Stephen Naysmith

The only rule is: Speak to the keeper of the lock. No sign of a lock keeper? Go looking for them. You don’t want to get on their wrong side. If that happens, you’re probably going to stay the wrong side of the lock, and that means you aren’t going anywhere.

“I was only up there,” says one gruff example, gesturing to the picturesque cottage above the lock. "Didn’t you see the car?"

A few minutes earlier he had boiled over as I asked if we could, “get up” through the chamber to continue our voyage towards Loch Oich.

It was Sunday, 5pm. We had been told the locks were open until 6pm. That seemed like useful information. It turns out this is not a rule.

So when we reached the lock at 2pm and found it unmanned, we assumed the keeper was at lunch, and we went for our own. We walked up to the nearby Thistle Cafe – a hotter, longer trek than we had envisaged.

By the time we returned it was nearly 5pm. But plenty of time, still, to navigate the lock. Unless you forgot the only rule: speak to the keeper.

“I thought you’d tied up for the night,” he fumed. I think we might have interrupted him watching the football.

Not all the keepers of the locks are ogres. But they can certainly be intimidating. Throwing a rope seems not so hard, until you’re doing it under the eye of an impatient and despairing lock-keeper as she looks down at you with a mixture of pity and infuriation.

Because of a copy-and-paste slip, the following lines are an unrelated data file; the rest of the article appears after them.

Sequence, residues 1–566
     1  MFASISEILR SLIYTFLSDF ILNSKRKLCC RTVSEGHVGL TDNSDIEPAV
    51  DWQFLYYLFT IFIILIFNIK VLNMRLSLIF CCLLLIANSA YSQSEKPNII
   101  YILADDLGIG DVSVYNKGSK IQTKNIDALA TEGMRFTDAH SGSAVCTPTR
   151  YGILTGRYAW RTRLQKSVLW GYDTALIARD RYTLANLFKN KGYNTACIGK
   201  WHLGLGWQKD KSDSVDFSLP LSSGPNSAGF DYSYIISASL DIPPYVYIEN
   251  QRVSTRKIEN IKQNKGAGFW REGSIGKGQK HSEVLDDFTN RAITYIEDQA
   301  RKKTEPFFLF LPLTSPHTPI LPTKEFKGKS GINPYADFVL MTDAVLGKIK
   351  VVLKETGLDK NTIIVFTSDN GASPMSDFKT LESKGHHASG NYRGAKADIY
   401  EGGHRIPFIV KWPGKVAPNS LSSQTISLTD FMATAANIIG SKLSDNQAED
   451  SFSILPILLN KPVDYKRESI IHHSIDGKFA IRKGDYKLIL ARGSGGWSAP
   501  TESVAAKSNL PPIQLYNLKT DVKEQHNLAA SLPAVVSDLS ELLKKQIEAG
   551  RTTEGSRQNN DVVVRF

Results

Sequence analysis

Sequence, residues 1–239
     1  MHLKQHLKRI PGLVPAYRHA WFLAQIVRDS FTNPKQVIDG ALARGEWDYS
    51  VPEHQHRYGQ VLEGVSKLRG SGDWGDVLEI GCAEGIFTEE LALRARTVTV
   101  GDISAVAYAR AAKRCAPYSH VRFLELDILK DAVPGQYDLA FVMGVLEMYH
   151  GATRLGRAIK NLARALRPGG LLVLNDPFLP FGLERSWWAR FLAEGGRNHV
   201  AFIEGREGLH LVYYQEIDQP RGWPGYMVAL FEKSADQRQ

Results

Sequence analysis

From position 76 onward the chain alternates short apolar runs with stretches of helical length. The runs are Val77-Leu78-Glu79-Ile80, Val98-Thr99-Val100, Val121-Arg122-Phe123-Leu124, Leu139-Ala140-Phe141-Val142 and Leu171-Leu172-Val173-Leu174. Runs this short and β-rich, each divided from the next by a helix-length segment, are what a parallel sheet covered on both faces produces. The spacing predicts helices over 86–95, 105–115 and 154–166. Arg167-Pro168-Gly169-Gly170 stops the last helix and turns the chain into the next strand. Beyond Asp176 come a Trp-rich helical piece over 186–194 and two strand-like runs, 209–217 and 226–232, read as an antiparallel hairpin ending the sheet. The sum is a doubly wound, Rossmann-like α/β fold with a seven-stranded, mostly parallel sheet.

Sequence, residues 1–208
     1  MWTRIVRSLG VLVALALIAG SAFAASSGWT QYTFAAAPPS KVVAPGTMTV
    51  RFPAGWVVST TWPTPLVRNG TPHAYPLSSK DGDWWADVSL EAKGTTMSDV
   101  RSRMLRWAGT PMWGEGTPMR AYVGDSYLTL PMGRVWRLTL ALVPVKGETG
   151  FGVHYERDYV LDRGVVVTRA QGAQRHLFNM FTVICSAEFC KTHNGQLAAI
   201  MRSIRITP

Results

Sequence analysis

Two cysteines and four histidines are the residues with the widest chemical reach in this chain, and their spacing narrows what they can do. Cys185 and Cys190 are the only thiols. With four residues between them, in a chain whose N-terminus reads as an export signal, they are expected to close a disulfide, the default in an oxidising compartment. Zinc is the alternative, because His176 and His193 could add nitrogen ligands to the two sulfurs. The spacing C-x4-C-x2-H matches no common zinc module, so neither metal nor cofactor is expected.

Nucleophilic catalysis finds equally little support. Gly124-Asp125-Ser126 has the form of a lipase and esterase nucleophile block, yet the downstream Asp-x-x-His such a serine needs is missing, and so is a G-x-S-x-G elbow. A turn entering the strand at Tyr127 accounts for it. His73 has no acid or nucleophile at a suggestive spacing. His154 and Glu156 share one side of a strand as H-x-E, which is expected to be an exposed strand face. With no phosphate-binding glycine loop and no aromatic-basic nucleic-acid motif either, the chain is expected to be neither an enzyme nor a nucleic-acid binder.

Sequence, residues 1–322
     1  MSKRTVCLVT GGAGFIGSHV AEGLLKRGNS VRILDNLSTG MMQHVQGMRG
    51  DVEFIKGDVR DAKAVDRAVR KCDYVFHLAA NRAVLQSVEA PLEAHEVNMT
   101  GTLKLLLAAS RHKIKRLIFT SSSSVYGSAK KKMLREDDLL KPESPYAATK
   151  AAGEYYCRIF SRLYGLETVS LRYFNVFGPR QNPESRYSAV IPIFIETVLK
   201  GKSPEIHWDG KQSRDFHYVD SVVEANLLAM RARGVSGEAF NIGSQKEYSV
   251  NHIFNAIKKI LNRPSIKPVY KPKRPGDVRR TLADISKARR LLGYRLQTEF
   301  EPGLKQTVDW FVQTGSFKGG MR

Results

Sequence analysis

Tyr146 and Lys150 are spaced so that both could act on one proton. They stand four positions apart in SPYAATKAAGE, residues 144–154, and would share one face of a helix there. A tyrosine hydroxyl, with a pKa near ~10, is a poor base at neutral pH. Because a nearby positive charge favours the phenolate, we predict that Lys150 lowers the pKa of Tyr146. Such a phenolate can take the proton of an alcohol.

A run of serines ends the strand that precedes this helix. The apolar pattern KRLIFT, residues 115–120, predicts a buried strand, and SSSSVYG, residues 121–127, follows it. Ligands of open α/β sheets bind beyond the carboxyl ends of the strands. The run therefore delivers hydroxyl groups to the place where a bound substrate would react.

Spotting a newbie family, rather ill-equipped to be piloting a 40ft cruiser towards the largest, deepest stretch of inland water in the British Isles, I can forgive the impatience. And if you do follow the One Rule, you can benefit. Another keeper gave us good advice about running ashore.

Meanwhile, the glow when they praise you for a perfect manoeuvre to position in the chamber alongside the wall of the Steps at Fort Augustus? Well, that is matched only by your ill-concealed schadenfreude as the swanky Swedes on the other side in their showy yacht, the one with the 18ft mast and the artfully arranged collection of herbs in little pots on the tiller, get a telling off for failing to control their vessel.

Our vessel was an Elegance, boasting three staterooms, three bathrooms, saloon and sundeck. That sentence, and the idea that the Skipper’s Guide to the Caledonian Canal might apply to me, were quite the novelty. But the skills needed to pilot a motor cruiser from Laggan Locks on the tautologically-challenged Loch Lochy, to the heart of Loch Ness are readily come by, it turns out.

They are provided, somewhat minimally it would be fair to say, in a half-hour briefing we received on collecting our vessel from West Highland Sailing on a sunny Friday afternoon. How to reverse, how to manoeuvre, how to tie the boat up, where to find the charts and that’s about it.

But the addition of an hour or two of practical self-tuition on the still waters of Lochy itself, followed by a gentle couple of hours steaming peacefully along the canal toward Loch Oich sees us all getting the hang of it, kids included.

Later, a misguided attempt to dock in the crowded marina at Urquhart Bay, near Drumnadrochit gives us a more realistic sense of our limitations. We remain grateful to denizens of the harbour, half of whom who mucked in, pulling on ropes, to help us rescue ourselves from an ‘arse-backwards’ predicament. The other half, it should be said, sat on their decks sipping Chardonnay and looking at us with ill-concealed disdain.